“A total of 759 laptops and computers were lost and an additional 32 were stolen between the May 2015 election and October 2016, records released by the Press Association show,” according to this report. Calling information security a ‘top priority’ the ministry also simply can’t imagine where they left ‘328 CDs, DVDs and USBs’, either.
This is not exactly the first time security agencies in the United Kingdom have been remiss with their gadgets. A laptop with details of bank accounts of defense ministry staffers was stolen in 2015. MI6 caught a computer programmer in 2010 after he smuggled out secret data to sell to foreign intelligence agencies – the geek later claimed he was ‘directed by voices’. The data included details of MI5 and MI6 officers as well as data for an email intercept program.
But before that in 2009 – oh this is a good one! – an agent of the British Serious Organized Crime Agency (SOCA), left her bag in an airport coach in Bogota, Columbia. The bag contained, among other things, a USB drive with ‘details of operations, code-names and informers’ – ‘five years of intelligence on the cocaine trade’. She was described in the report by a former colleague, thusly: “She’s a lovely girl but a bit daft and scatterbrained — the sort of person you could imagine forgetting her handbag on a bus.” ‘A source put the cost of aborted missions at £100m,’ the report added.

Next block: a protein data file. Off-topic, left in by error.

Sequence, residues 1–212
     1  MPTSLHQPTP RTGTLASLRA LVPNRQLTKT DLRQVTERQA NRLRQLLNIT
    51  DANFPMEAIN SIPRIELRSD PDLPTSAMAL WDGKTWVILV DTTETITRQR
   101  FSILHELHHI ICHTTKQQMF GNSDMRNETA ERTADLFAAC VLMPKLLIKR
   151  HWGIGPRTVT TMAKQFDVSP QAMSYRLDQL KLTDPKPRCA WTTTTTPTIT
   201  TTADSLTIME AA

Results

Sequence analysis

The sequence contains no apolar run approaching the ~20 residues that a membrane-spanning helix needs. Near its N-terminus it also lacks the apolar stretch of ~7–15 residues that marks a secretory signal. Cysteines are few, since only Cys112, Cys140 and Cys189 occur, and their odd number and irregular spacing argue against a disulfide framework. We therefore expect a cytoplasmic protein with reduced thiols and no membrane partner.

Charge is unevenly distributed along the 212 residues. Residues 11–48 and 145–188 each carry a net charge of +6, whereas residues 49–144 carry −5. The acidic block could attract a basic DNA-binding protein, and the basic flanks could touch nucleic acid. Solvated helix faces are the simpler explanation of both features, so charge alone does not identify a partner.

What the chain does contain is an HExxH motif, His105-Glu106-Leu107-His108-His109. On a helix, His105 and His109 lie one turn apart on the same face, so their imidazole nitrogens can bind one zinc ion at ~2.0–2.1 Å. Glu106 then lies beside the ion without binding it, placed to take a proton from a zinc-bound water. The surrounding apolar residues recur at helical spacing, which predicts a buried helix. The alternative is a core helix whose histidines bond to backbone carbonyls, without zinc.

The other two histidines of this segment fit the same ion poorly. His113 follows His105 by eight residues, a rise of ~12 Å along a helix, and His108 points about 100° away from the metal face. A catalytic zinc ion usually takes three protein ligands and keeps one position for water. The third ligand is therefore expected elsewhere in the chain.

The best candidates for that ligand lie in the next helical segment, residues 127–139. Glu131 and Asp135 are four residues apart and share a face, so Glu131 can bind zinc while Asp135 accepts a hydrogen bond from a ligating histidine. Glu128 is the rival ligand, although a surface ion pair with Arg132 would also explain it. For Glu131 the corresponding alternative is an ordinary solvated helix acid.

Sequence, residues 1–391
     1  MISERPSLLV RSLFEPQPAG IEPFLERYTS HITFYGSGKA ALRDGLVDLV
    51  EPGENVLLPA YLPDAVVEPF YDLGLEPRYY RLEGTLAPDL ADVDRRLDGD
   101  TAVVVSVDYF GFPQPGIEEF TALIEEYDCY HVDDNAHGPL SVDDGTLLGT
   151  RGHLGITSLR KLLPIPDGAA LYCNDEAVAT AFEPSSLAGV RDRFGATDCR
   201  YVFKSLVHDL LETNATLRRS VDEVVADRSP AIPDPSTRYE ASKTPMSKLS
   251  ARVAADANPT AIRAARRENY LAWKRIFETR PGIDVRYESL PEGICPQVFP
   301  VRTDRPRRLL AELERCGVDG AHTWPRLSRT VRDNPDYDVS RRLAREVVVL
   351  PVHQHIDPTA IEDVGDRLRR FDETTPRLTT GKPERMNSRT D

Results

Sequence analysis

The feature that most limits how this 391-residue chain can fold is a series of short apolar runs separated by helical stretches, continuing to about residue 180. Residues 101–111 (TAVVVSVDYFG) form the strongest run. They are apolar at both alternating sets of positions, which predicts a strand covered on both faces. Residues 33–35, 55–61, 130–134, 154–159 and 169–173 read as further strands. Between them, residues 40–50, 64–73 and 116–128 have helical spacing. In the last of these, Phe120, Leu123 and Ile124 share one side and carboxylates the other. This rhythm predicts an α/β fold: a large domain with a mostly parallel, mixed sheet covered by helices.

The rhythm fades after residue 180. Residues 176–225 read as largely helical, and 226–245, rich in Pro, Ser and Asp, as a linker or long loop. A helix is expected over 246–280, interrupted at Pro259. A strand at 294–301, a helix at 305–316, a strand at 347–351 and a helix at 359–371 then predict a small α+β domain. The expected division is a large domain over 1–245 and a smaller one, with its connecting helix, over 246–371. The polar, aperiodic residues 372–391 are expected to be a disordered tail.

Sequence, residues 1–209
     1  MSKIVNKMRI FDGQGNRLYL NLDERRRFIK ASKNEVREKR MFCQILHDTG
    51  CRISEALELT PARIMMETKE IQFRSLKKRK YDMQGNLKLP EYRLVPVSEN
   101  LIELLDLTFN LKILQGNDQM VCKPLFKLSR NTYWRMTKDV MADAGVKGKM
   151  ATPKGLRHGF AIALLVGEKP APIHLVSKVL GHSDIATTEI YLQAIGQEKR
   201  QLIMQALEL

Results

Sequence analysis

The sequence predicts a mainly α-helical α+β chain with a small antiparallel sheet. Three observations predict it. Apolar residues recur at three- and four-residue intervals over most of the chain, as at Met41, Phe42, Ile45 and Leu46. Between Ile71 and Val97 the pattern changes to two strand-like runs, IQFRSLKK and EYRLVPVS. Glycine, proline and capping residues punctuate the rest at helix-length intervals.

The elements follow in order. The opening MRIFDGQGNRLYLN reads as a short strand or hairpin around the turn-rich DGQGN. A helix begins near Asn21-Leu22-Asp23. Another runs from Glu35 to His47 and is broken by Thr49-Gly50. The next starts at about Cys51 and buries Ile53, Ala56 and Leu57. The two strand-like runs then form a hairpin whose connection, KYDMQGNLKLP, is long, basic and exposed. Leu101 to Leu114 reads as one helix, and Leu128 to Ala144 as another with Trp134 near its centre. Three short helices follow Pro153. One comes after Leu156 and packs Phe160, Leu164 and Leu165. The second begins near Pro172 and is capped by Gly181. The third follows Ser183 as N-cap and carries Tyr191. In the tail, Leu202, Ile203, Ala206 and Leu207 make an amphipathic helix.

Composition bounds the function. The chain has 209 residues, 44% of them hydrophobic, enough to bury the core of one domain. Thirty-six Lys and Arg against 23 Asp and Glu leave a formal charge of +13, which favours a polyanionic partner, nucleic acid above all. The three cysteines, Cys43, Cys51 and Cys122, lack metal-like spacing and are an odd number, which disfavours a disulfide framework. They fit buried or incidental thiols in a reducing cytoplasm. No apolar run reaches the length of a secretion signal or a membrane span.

Then there was that time in 2008 when someone bought a Nikon Coolpix on eBay for $31 and took pictures with it. And then downloaded the pictures. And found pictures of al Qaeda suspects, their academic records, documentation for an encrypted computer system and lots of other stuff that could be considered ‘need to know’. Here’s the dope on this one.
But this report of the incident says at the end:
The incident is the latest in a series of embarrassing data losses to affect the intelligence services and the government.
On Monday, prosecutors said a senior public official who left top secret intelligence assessments of al-Qaida and the security forces in Iraq on a London commuter train is due to face charges under the Official Secrets Act.
Last year, a civil servant lost computer disks containing the names, addresses and bank details of 25 million people, while in January, the Ministry of Defense said it had lost a laptop containing personal data on 600,000 recruits.
The Home Office said in August that a contractor had lost personal details of every prisoner in England and Wales.
And in 2000, someone in MI6 lost their laptop while having a few drinks at a tapas bar. They managed to find that one in time.